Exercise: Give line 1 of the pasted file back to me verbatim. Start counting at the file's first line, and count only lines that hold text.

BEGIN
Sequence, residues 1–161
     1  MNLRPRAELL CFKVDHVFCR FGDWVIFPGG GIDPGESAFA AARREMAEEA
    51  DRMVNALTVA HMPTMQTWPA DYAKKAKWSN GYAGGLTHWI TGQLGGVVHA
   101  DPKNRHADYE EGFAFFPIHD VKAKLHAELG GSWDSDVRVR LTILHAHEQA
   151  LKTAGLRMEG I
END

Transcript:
Sequence, residues 1–161